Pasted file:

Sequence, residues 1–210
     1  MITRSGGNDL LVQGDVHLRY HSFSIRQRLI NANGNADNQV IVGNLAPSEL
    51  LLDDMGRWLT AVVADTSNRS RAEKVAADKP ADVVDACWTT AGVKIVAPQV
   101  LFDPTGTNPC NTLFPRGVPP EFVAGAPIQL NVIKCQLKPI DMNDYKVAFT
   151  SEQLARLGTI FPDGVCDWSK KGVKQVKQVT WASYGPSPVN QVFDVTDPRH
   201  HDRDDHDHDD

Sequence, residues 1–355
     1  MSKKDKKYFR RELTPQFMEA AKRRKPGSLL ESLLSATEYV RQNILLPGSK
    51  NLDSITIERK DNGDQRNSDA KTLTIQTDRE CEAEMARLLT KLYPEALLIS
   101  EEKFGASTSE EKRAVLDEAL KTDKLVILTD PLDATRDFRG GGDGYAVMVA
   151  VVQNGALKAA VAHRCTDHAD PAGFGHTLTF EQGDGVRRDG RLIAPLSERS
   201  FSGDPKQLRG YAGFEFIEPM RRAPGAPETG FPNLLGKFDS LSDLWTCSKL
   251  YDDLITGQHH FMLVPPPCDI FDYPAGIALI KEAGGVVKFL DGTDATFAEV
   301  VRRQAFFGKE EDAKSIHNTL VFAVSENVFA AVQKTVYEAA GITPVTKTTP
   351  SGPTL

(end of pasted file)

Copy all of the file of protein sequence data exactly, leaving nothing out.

Sequence, residues 1–210
     1  MITRSGGNDL LVQGDVHLRY HSFSIRQRLI NANGNADNQV IVGNLAPSEL
    51  LLDDMGRWLT AVVADTSNRS RAEKVAADKP ADVVDACWTT AGVKIVAPQV
   101  LFDPTGTNPC NTLFPRGVPP EFVAGAPIQL NVIKCQLKPI DMNDYKVAFT
   151  SEQLARLGTI FPDGVCDWSK KGVKQVKQVT WASYGPSPVN QVFDVTDPRH
   201  HDRDDHDHDD

Sequence, residues 1–355
     1  MSKKDKKYFR RELTPQFMEA AKRRKPGSLL ESLLSATEYV RQNILLPGSK
    51  NLDSITIERK DNGDQRNSDA KTLTIQTDRE CEAEMARLLT KLYPEALLIS
   101  EEKFGASTSE EKRAVLDEAL KTDKLVILTD PLDATRDFRG GGDGYAVMVA
   151  VVQNGALKAA VAHRCTDHAD PAGFGHTLTF EQGDGVRRDG RLIAPLSERS
   201  FSGDPKQLRG YAGFEFIEPM RRAPGAPETG FPNLLGKFDS LSDLWTCSKL
   251  YDDLITGQHH FMLVPPPCDI FDYPAGIALI KEAGGVVKFL DGTDATFAEV
   301  VRRQAFFGKE EDAKSIHNTL VFAVSENVFA AVQKTVYEAA GITPVTKTTP
   351  SGPTL